More Spill Over Violence in Lebanon


The rebels and government forces have continued to relentlessly wage war on each other in Syria. However, in a recent twist of events Hezbollah has been exposed in aiding Syrian government forces. Many people “have long accused the Islamist party of taking a direct role in the Syrian conflict” prior to the accumulating evidence that has been brought to light connecting Hezbollah to the violence in Syria. A recent increase in funerals held for Hezbollah members who died while preforming “jihad duties” acts as one of the more “firm” signs that Hezbollah is indeed deploying men to fight in the Syrian Civil War.

The conflict in Syria stems from a sectarian rift that has been deepening for decades now. Sunni rebels are at odds with the Alawi government and have been engaged in battles with government forces for the better part of a year now. Alawis belong to a branch of the Shia sect of Islam.

Here’s the catch, Hezbollah receives a bulk of its funding from Iran but Syria also contributes substantial amounts of aid in various forms to the militant group. Thus, Hezbollah is almost expected to back the Syrian government when it comes to the ongoing civil war.

My main concern is for Lebanon. Hezbollah is ever-present in Lebanese politics. If these allegations are in fact true then the spill over clashes I touched base on in my first blog post will not only spread but they will grow in intensity. This is because the population of Lebanon is split in support and opposition of the conflict in Syria. At this point in time I believe Lebanon is a bubble waiting to burst, this is evident with today’s car bombing that occurred in Beirut. The target of the attack was Brig. Gen. Wissam al-Hassan who was “known for his anti- Syria stance.” Soon after the explosion there were reports of “unrest” spreading around Lebanon.

The aftermath of the car bomb that exploded in Beirut on 10/19.

A Lebanese girl who I went to high school with said that, “This isn’t the Beirut I left four years ago, this is the Lebanon my parents fled 22 years ago.” I am interested in hearing what my Lebanese counterparts have to say about that statement. Do you agree? If not, then why?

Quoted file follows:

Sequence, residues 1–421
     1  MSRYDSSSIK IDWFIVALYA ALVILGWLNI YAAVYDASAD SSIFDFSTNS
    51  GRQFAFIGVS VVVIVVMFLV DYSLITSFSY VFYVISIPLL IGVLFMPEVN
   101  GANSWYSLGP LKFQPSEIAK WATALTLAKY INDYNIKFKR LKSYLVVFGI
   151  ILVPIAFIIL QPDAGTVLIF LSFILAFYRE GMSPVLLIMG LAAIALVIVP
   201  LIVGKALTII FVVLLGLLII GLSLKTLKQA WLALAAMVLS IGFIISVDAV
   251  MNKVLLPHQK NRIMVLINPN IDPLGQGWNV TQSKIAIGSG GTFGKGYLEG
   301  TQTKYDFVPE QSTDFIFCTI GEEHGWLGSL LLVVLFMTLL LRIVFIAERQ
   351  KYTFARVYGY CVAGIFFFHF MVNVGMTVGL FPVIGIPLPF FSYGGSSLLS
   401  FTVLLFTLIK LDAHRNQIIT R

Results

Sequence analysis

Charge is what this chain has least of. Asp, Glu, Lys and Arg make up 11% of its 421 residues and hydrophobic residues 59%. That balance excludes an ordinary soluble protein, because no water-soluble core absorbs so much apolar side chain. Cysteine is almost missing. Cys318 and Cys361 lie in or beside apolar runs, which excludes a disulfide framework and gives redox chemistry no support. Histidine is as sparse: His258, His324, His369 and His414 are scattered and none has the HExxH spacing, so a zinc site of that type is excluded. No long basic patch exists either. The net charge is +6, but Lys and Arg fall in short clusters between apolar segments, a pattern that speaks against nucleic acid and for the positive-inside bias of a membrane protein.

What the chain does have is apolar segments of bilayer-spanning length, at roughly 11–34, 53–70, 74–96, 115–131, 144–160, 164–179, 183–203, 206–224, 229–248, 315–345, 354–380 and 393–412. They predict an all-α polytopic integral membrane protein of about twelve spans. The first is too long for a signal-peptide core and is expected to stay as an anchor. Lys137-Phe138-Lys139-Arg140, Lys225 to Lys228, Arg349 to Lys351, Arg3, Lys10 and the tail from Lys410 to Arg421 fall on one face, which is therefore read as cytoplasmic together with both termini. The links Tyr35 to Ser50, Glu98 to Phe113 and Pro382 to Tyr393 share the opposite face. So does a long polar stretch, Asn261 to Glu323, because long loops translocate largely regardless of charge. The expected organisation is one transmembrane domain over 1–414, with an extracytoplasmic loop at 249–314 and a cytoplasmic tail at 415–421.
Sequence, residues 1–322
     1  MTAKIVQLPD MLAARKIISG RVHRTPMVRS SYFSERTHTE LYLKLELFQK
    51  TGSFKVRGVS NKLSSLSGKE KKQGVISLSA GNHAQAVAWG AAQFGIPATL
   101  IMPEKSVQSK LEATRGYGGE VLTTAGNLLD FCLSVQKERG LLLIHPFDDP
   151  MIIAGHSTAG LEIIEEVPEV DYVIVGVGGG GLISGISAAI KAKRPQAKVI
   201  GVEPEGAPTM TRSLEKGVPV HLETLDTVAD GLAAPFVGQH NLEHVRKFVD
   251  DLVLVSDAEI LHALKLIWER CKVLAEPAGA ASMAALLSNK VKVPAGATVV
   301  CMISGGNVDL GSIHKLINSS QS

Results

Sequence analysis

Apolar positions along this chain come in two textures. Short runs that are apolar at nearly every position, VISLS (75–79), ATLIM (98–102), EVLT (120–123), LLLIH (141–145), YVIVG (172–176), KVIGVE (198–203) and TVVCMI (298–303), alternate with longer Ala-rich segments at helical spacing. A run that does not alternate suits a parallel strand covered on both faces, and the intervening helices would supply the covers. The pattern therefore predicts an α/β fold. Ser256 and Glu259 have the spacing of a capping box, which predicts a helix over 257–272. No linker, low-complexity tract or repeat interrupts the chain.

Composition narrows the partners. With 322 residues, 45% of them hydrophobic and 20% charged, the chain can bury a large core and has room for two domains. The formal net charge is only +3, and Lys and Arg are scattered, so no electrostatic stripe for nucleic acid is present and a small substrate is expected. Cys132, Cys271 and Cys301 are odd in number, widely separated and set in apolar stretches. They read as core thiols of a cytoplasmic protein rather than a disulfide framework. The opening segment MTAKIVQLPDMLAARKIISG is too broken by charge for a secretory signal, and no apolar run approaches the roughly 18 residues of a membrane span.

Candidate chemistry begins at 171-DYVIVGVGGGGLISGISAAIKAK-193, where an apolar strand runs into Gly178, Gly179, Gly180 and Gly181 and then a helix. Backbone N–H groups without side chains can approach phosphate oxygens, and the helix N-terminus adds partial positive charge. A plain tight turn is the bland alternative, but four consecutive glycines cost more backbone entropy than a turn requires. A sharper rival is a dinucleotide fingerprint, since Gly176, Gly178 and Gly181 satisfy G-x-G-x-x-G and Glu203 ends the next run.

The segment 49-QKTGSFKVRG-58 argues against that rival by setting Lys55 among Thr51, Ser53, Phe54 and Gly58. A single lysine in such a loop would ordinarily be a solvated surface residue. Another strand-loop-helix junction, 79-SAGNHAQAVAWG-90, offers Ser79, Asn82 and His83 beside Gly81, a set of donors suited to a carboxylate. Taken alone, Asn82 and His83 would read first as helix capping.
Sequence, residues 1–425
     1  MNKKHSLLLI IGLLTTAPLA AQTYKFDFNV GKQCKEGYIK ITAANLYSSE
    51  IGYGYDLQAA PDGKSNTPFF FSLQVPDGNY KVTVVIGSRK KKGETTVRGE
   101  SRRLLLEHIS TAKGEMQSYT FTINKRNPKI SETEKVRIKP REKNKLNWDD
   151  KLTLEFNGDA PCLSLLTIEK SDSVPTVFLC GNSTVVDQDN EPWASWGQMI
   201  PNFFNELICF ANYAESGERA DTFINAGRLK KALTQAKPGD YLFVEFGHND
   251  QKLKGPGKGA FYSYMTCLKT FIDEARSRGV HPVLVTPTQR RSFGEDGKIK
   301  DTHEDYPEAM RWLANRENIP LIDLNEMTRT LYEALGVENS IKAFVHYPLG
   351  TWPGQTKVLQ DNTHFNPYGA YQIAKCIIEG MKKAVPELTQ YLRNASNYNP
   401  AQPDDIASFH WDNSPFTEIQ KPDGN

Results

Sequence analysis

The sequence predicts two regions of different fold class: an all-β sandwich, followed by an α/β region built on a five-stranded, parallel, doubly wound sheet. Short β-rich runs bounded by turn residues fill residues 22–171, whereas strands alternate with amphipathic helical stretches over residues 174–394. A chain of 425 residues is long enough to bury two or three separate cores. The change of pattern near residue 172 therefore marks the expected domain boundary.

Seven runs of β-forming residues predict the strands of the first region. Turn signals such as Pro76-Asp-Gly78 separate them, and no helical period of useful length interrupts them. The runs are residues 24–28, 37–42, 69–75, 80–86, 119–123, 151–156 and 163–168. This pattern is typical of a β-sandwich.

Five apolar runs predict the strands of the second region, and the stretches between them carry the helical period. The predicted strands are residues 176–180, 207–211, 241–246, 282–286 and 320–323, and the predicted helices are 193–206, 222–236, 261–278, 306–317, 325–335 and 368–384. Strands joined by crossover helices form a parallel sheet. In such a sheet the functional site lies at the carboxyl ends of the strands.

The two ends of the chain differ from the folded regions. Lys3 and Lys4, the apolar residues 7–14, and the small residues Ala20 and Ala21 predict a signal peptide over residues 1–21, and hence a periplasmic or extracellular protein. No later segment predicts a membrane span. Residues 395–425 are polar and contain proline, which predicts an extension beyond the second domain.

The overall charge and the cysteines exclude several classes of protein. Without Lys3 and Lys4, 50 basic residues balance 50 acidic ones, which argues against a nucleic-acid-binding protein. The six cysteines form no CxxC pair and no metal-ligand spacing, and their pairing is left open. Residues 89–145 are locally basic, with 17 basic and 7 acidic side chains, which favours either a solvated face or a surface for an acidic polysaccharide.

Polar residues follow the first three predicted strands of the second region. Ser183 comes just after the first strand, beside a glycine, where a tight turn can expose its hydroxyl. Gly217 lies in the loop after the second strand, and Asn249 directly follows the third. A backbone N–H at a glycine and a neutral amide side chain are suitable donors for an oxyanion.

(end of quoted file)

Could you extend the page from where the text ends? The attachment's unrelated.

Aftermath of the 1983 bombing in Beirut.

I believe this assassination will cause growing outrage not just in Beirut but all around Lebanon, furthermore if Hezbollah is confirmed to be backing President Assad then the bubble known as Lebanon will burst; quickly and violently. Not only do I believe this assassination will cause unrest, but the mere fact that a high ranking official was killed because of his stance on a conflict going on in other country leads me to believe that we have not seen what climax of the Syrian Civil War yet, nor its repercussions.

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2 thoughts on “More Spill Over Violence in Lebanon

  1. People consider that the current Lebanese generation is more aware of the consequences of war and that it does not want to follow their parents tradition. This is why your Lebanese classmate said “This isn’t the Beirut I left four years ago, this is the Lebanon my parents fled 22 years ago.” We are disappointed to see the past repeating itself. I think politicians and civilians shouldn’t be pointing fingers and accusing each other before finding real answers to who is behind today’s attack, because this only threatens the safety and sovereignty of Lebanon. I hope Lebanese stay united and push for the truth together.

  2. The new generation does not want to live their parent’s life.
    We don’t want civil war, or another war with Israel, All that is happening to make the Lebanese people divided, hopefully the new generation will get the idea that, we should stop accusing each other and unite.

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